Scientists identified the specific proteins secreted by the parasite Toxoplasma gondii that cause the immune system in mice to attack established ovarian tumors. The study, led by David Bzik of the Geisel School of Medicine at Dartmouth in Hanover, New Hampshire, is published on July 22 in PLOS Genetics.
One promising strategy in the fight against cancer is to use the body's own immune system to remove tumor cells, but due to a phenomenon called immune tolerance, the immune system has a difficult time identifying which cells to attack. In the new study, scientists built upon previous discoveries that a safe, non-reproducing vaccine strain of T. gondii could cure mice of several types of solid tumors, and identified which parasite proteins and which immunological pathways are required to break immune tolerance. They systematically deleted genes for secreted effector proteins--molecules that the parasite injects into a host cell to modulate the immune system during infection--and injected the altered parasites into mice with aggressive ovarian cancer. Their results demonstrate that specific rhoptry and dense granule effector proteins that T. gondii secretes before and after host cell invasion, respectively, control the development of an effective host antitumor response, and increase the survival of mice with ovarian tumors.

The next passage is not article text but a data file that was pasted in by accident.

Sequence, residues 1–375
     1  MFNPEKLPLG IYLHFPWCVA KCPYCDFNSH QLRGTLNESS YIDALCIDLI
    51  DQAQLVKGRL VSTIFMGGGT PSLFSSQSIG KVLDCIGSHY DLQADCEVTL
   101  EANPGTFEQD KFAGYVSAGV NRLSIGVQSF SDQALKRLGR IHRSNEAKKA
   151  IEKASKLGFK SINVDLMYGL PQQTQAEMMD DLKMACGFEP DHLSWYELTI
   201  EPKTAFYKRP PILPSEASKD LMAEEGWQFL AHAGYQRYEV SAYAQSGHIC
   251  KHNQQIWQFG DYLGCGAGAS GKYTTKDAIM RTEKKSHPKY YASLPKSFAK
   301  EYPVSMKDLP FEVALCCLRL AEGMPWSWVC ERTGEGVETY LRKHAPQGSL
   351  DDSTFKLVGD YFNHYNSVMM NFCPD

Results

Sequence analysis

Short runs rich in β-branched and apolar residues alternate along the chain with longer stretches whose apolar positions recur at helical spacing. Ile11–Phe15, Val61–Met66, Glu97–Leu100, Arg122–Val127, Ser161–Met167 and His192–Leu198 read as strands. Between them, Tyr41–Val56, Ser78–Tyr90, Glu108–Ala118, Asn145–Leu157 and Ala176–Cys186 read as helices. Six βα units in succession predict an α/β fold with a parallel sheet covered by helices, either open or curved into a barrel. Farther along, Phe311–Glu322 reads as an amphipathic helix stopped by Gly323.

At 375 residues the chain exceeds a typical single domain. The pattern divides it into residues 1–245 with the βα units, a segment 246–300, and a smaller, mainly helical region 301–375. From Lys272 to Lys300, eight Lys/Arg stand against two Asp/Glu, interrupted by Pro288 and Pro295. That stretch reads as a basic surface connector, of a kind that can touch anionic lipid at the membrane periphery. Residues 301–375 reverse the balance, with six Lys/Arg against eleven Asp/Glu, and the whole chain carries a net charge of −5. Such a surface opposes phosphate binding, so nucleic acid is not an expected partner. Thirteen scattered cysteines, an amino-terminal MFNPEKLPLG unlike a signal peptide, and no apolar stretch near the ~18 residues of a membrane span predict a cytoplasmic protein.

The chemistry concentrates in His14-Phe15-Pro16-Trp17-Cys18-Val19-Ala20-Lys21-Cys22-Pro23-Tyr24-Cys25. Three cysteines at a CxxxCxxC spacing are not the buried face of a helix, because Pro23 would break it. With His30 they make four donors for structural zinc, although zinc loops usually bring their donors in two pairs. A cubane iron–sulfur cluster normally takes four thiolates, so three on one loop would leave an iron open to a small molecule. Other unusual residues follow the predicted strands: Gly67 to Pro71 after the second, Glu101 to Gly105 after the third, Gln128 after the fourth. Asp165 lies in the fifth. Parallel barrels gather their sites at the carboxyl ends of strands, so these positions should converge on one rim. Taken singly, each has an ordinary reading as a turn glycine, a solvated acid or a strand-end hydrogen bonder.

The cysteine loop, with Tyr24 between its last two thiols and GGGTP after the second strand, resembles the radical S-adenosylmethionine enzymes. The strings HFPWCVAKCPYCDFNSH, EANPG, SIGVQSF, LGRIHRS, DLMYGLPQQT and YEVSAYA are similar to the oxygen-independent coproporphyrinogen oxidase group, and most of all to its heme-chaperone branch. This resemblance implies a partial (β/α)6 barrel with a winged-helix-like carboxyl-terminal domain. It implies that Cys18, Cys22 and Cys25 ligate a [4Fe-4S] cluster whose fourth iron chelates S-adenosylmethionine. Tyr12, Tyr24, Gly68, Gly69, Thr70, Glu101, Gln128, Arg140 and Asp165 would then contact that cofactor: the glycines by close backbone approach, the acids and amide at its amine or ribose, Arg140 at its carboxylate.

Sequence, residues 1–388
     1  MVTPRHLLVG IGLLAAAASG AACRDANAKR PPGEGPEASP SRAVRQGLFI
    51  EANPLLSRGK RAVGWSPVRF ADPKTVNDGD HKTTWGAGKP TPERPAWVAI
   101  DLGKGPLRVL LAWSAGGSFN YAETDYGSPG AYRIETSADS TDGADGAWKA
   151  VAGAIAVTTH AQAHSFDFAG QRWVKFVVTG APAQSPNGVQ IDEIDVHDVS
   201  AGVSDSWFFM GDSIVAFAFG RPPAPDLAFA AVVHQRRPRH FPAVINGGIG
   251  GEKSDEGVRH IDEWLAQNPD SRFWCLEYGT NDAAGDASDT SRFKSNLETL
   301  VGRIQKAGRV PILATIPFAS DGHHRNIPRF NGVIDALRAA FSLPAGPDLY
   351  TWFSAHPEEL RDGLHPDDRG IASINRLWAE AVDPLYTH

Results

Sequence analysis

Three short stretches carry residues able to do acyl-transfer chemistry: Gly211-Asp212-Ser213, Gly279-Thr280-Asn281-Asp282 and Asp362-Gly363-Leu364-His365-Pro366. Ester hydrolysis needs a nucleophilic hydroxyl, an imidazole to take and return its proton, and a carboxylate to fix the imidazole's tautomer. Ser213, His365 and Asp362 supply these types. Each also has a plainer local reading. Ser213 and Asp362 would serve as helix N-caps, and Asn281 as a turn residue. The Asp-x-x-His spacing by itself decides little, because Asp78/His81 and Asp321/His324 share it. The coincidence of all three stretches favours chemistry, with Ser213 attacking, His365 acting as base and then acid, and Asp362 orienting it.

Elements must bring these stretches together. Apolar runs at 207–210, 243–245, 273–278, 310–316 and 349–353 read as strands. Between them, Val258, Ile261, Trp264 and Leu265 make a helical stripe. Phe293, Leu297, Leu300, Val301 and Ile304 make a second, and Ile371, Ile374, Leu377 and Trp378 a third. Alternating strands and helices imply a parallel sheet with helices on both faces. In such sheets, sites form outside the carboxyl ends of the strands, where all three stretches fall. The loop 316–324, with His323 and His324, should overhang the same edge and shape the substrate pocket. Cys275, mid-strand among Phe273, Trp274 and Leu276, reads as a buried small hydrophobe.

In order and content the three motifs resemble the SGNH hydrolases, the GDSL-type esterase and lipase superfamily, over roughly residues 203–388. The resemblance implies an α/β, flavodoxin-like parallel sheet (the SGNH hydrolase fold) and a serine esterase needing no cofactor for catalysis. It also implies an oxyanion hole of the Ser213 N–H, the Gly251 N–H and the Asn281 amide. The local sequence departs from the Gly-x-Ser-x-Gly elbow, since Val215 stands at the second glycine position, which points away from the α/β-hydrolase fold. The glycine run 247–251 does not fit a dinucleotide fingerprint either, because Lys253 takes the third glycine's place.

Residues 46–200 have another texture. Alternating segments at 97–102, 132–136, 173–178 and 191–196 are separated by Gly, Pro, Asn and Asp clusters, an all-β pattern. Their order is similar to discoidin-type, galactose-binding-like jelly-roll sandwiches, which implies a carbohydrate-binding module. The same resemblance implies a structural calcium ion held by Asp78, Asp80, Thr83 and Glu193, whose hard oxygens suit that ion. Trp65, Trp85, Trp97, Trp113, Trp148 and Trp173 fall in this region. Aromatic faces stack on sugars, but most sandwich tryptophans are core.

Using infectious organisms to break tumor immune tolerance may be an excellent therapeutic option for treating cancer in the future. Currently, the use of the bacterium Listeria monocytogenes to break the immune tolerance of pancreatic tumors is being explored in clinical trials and T. gondii may be similarly useful. By tracking and understanding which host cell pathways are manipulated by these T. gondii proteins, scientists can identify potential new targets to develop more effective therapies against highly aggressive solid tumors.
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Citation: Fox BA, Sanders KL, Rommereim LM, Guevara RB, Bzik DJ (2016) Secretion of Rhoptry and Dense Granule Effector Proteins by Nonreplicating Toxoplasma gondii Uracil Auxotrophs Controls the Development of Antitumor Immunity. PLoS Genet 12(7): e1006189. doi:10.1371/journal.pgen.1006189
Image Credit: Barbara A. Fox and colleagues
Funding: This work was supported by the National Institute of Health P60 AA07611 and AA016698. The funders had no role in study design, data collection and analysis, decision to publish, or preparation of the manuscript.
Competing Interests: The authors have declared that no competing interests exist.